A Review of the Nigerian Energy Industry

Mozambique: New power station to generate 150mw

Power transmission08 August 2013, Maputo – A gas-fired power station, capable of generating 150 megawatts of energy, could come on stream next May, according to Mozambican Energy Minister Salvador Namburete.

This, the largest thermal power station so far built in the country, is being installed at Ressano Garcia on the border between Mozambique and South Africa

It is a partnership between the Mozambican electricity company, EDM, with 51 per cent of the project, and the South African Sasol New Energy, part of the Sasol group, with 49 per cent. Its cost is estimated at 250 million US dollars.

It will use natural gas from Inhambane province, which is exploited by Sasol. The gas goes by pipeline to the Sasol plants at Secunda in South Africa.

At Ressano Garcia, a branch of the pipeline carries gas to Mozambican industries in Greater Maputo. Eventually homes in Maputo and the surrounding area will also be supplied with gas.

“We are certain about this project”, declared Namburete. “Judging by the contracts signed by the owners of the project, and by the contractors and suppliers, it will be producing electricity by May of next year”.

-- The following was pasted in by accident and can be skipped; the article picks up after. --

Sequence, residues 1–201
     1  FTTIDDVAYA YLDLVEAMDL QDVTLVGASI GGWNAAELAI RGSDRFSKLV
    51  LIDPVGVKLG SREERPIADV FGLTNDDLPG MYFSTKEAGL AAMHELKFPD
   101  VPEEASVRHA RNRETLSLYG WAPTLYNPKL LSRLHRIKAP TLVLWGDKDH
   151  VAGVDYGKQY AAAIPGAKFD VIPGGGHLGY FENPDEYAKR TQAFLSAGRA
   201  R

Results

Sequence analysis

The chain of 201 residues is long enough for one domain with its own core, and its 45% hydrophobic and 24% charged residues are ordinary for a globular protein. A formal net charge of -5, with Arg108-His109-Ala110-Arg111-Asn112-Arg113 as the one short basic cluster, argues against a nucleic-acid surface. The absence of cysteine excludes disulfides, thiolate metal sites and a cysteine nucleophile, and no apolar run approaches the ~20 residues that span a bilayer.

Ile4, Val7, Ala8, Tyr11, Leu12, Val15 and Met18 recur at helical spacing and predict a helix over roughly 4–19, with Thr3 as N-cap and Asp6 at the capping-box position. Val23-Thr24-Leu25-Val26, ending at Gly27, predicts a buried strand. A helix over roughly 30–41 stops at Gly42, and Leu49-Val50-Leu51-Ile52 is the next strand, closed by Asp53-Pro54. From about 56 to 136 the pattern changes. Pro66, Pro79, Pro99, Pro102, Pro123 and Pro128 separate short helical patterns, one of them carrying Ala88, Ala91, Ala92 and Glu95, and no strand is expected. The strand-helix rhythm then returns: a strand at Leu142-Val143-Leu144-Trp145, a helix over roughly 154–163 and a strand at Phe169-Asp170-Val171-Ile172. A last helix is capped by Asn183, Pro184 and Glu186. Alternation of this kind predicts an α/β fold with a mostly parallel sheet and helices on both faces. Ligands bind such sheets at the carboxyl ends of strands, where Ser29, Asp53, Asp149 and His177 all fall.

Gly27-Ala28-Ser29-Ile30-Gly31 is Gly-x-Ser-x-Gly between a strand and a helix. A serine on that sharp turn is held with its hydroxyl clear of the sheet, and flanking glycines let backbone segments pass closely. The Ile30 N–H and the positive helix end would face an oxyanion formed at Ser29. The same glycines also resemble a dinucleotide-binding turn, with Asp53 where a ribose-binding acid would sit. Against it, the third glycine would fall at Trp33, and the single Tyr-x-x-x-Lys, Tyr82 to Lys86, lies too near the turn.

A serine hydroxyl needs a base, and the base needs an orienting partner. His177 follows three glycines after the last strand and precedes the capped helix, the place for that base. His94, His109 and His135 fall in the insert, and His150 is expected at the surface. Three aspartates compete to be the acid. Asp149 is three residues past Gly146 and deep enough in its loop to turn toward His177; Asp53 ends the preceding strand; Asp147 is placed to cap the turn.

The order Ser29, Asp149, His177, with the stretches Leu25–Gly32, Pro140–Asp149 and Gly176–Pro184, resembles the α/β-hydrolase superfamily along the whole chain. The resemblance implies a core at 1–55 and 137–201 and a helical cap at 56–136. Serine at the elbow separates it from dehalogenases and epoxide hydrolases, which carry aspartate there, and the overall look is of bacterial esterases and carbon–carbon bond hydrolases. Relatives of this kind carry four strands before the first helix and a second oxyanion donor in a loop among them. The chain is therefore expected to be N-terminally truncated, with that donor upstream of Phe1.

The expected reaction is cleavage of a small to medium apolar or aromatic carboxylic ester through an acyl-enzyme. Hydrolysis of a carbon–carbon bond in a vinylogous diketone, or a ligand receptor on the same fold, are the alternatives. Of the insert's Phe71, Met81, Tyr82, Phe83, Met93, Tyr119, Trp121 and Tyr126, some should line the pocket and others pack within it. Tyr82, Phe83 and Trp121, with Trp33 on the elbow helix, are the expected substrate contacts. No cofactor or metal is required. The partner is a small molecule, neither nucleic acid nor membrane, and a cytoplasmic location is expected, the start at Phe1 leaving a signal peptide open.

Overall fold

The project, he added, “seeks to increase the capacity to supply electricity to meet the growing demand. Currently, we face a deficit of 100 megawatts, particularly in the south of the country”.

This is because the new power stations proposed for the Zambezi Valley, and the transmission lines linking them to Maputo, have not yet been built.

According to EDM chairperson Augusto de Sousa Fernando, Mozambique’s current consumption is 700 megawatts (this figure excludes the 900 megawatts or so used by the MOZAL aluminium smelter, which is provided by the company Motraco, a consortium of the Mozambican, South Africa and Swazi electricity companies).

Only 600 megawatts of this total is generated inside Mozambique, and EDM must therefore import from South Africa the remaining 100 megawatts.

The existing generating capacity is much higher than 700 megawatts – but most of the power generated at the Cahora Bassa dam on the Zambezi is sold to the South African company Eskom, under long term contracts.

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